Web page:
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Today could mark the beginning of the end for the filibuster in the Senate.
The Senate will likely take a procedural vote Thursday to launch debate on the bill to create a commission to study the January riot. That vote requires 60 yeas. A handful of Republican senators will likely vote to begin debate – joining all Democrats. But it’s doubtful they get to 60 yeas.
This will infuriate Democrats. They will argue Republicans don’t want to get to the bottom of Jan. 6.
Democrats will direct their public ire at Republicans. But Democratic leaders could use some of the frustration about Republicans as a wedge to convince Democratic senators to eventually end the filibuster.
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It’s one thing for Democrats to oppose altering the filibuster on D.C. statehood. But some Democrats concede privately the riot was such an atrocity that blocking the creation of the Jan. 6 commission may be worthy of blowing up the filibuster.
Senate Majority Leader Chuck Schumer of New York walks away following a media availability on Capitol Hill in Washington, Tuesday, May 18, 2021. Sen. Bob Menendez, D-N.J., is at left. (AP Photo/Susan Walsh)
(AP Photo/Susan Walsh)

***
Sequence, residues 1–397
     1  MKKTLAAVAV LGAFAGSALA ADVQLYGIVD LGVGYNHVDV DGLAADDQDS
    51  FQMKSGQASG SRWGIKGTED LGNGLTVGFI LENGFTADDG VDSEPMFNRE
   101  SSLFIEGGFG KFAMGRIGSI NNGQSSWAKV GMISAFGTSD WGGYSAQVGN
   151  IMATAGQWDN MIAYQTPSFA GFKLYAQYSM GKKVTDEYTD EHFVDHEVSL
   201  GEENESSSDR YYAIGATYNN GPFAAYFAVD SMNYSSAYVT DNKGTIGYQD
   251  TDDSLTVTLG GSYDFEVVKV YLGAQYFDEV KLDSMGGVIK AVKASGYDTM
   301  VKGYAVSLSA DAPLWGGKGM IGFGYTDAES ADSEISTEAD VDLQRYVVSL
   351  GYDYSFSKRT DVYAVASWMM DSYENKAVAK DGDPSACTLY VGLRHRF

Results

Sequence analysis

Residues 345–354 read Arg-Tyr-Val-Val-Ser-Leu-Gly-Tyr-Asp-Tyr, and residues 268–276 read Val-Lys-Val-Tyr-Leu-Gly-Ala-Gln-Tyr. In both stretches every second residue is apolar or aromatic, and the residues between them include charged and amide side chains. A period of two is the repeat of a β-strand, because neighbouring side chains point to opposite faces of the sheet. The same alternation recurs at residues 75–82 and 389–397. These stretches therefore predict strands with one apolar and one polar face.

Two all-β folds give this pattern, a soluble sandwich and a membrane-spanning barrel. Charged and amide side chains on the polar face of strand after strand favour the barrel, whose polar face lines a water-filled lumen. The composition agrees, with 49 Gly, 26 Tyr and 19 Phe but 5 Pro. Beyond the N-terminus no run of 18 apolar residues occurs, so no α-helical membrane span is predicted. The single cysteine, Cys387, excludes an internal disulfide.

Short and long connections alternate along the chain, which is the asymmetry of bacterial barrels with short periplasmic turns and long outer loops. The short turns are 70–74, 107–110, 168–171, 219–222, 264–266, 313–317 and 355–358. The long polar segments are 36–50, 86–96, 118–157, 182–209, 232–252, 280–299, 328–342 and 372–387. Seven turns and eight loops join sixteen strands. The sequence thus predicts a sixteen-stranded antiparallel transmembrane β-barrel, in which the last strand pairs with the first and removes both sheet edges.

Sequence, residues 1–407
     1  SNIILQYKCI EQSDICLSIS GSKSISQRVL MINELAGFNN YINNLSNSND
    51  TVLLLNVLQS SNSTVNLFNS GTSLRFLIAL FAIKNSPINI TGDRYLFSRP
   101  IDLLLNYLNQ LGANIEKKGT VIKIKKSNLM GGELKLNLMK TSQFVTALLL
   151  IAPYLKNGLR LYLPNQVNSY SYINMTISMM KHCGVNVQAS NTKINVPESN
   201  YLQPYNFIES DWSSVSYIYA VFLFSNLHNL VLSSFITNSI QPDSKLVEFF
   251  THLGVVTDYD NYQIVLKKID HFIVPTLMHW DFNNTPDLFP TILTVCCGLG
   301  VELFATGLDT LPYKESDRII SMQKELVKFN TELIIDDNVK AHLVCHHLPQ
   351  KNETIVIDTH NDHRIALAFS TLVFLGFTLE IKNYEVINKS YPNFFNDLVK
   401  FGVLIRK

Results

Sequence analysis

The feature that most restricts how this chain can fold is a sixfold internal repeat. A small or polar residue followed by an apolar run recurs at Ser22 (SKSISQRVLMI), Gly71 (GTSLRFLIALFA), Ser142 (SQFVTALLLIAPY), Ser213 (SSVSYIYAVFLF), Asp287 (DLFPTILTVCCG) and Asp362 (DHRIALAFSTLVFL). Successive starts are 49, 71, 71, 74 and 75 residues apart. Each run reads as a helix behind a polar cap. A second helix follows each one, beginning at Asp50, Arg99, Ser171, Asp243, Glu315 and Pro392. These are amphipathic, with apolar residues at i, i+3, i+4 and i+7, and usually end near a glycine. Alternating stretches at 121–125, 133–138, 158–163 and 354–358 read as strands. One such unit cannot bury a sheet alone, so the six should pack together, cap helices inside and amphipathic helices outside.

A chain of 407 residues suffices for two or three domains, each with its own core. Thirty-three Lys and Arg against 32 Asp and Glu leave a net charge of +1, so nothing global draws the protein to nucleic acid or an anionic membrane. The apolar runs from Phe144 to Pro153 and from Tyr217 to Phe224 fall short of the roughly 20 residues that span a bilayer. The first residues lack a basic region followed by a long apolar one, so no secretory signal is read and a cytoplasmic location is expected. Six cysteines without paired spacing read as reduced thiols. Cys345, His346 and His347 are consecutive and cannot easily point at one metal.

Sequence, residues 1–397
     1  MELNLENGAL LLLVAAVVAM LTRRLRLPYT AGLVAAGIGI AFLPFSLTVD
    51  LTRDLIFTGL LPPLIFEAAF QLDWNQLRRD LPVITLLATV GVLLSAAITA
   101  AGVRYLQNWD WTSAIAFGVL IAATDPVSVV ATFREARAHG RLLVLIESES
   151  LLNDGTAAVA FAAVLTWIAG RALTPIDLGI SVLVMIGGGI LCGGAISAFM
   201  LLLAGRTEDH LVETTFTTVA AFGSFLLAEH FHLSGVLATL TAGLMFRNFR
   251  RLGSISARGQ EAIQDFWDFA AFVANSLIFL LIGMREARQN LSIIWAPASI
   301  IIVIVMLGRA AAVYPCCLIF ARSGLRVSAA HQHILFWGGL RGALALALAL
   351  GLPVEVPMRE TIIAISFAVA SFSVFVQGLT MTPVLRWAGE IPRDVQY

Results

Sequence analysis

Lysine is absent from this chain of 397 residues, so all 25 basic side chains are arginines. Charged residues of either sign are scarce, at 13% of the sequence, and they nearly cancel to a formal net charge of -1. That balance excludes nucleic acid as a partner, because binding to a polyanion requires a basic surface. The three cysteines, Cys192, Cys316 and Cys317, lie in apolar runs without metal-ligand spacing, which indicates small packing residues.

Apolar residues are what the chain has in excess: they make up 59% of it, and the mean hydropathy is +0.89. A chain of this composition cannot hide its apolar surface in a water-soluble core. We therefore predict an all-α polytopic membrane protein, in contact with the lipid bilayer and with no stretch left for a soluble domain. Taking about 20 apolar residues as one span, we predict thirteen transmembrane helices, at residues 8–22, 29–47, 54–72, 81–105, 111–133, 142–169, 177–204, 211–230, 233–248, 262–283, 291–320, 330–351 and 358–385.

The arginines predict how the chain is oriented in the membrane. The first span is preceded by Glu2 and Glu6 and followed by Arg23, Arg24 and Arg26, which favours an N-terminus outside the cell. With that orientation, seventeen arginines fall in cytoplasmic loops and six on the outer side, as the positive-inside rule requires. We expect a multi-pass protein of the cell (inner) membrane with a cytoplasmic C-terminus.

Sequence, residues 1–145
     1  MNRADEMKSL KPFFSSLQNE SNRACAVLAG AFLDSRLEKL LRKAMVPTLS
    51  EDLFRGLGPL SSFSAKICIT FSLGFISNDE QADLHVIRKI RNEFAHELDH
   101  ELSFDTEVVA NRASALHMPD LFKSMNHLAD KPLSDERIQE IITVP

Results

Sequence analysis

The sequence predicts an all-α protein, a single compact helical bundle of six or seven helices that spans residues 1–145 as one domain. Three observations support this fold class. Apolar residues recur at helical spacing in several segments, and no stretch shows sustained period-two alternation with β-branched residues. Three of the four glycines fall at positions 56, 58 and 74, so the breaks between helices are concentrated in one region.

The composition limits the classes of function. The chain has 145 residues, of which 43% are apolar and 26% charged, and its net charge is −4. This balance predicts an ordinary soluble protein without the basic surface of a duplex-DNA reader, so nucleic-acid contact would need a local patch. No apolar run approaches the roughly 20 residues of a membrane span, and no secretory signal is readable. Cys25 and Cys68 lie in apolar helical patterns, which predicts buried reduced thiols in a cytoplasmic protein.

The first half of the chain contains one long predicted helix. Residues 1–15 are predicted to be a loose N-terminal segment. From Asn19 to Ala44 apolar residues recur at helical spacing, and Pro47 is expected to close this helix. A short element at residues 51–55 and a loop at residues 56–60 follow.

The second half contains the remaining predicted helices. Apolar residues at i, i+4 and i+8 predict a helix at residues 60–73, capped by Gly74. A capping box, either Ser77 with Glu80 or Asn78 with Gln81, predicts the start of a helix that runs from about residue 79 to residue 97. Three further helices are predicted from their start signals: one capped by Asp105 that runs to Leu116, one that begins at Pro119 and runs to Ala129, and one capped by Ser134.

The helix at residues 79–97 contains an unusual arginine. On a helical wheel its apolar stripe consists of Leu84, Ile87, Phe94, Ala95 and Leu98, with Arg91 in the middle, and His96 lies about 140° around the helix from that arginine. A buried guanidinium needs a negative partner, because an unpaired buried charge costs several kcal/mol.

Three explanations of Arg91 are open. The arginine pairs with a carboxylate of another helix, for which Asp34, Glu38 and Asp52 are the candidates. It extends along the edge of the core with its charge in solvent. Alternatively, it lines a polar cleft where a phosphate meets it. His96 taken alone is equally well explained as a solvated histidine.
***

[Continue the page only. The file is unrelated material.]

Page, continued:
Keep in mind that Thursday’s vote is procedural, just to start debate on the bill. It is not an actual vote on the bill itself. But this vote could serve as a barometer as to whether there is a chance to eventually advance this bill, and more significantly, the future of the filibuster.
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Halting the Jan. 6 commission bill could serve as a gateway for Democrats to change filibuster provisions and potentially pass bills on their own without Republican assistance. That could include bills on voting rights, the courts, D.C. statehood, infrastructure, the environment and guns.
Granted, all 50 Senate Democrats aren’t on the same page on many or those bills yet. But upending the filibuster could put the Democrats a little closer to advancing their agenda, forever altering the filibuster and leaving the Republicans behind – if Democrats stick together.
The Senate won’t vote to change the filibuster Thursday. And the procedural vote on the commission isn’t locked in yet. But today could prove to be very telling about the future of the filibuster.
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